There are usually two considerations when delivering an application.
We recommend delivering a standalone executable application first, with no attempt to make the image smaller. Do this by delivering at delivery level 0, which removes very little from the image. You can then look into making the image smaller if you need to.
If you try to do both of these in the first attempt and the delivered application does not work, it is not clear whether the wrong thing was removed from the image, or the application would not have delivered properly even if no image reduction work was done.
Once you have developed and compiled your application, you are ready to deliver it as a standalone application. Delivering a standalone version is done by calling
deliver with level 0, which does not try to make the image smaller, but does remove the LispWorks development tools as described in Functionality removed by delivery. To do this modify your
deliver.lisp script from Delivering the program as appropriate to your application:
;;; unless you have it already loaded as suggested in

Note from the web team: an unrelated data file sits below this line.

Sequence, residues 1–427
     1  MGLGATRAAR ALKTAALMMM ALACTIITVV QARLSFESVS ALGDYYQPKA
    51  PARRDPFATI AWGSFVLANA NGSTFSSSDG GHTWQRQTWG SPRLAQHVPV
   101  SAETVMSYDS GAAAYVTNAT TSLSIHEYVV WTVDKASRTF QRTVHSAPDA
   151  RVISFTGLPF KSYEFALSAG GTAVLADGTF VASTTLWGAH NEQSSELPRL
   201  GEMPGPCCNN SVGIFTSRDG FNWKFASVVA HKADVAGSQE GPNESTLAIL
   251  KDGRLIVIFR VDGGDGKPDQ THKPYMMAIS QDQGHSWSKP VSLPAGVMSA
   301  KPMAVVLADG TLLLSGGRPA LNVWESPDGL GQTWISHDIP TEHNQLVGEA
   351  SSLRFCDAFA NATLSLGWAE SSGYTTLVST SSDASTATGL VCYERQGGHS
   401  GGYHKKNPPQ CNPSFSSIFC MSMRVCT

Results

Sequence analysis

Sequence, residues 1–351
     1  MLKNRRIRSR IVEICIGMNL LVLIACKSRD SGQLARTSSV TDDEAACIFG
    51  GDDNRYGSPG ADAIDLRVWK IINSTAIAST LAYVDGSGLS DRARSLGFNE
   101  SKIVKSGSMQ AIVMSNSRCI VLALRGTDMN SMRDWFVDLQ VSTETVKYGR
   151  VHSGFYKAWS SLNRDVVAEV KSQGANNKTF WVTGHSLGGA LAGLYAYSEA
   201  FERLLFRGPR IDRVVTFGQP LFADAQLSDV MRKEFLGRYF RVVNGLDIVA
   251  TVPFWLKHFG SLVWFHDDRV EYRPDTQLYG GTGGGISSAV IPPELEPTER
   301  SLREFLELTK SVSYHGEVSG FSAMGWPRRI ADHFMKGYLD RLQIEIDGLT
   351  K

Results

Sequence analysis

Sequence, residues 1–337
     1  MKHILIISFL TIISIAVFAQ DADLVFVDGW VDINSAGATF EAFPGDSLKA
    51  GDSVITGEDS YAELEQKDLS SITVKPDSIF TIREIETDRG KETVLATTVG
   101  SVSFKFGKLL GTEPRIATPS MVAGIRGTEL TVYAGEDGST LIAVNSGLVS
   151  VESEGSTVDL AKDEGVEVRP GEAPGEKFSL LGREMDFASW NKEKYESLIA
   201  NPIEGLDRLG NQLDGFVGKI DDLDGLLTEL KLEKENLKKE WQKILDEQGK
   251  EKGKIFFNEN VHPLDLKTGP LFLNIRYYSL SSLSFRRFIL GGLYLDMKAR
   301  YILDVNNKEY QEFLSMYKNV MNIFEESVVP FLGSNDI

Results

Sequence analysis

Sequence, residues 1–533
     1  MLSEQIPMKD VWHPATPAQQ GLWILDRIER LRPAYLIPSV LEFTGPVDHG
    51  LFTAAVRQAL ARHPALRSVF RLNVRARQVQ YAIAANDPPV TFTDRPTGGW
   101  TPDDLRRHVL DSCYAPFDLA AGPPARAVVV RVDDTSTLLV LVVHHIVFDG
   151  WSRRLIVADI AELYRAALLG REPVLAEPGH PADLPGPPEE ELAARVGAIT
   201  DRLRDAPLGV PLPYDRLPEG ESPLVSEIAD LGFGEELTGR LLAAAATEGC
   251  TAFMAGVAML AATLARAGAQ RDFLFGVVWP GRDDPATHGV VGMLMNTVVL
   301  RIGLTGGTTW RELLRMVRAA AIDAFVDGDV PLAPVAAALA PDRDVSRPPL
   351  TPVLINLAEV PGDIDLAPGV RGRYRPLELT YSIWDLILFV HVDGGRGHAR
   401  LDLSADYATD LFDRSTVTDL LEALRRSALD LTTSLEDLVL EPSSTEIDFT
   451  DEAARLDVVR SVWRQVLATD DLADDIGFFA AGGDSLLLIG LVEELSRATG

;;;Saving the image before attempting delivery
(deliver 'my-function "my-program" 0 :interface :capi)
This is assuming your application uses CAPI. If it does not, you can eliminate
:capi. In this case, if your application requires multiprocessing, you to need to pass
(deliver `my-function "my-program" 0 :multiprocessing t)
Then run LispWorks with
deliver.lisp as a build script. You can do this using the graphical Application Builder tool (see Delivering the program using the LispWorks IDE) or in a command window, like this:
MS-DOS> lispworks-7-0-0-x86-win32.exe -build deliver.lisp
% lispworks-7-0-0-x86-linux -build deliver.lisp
% ./lispworks-7-0-0-x86-darwin -build deliver.lisp
This creates an executable in
my-program.exe on Microsoft Windows, or
my-program on Mac OS X, Linux and other Unix-like platforms. When this executable starts, it calls
my-function without arguments.
LispWorks Delivery User Guide - 15 Feb 2015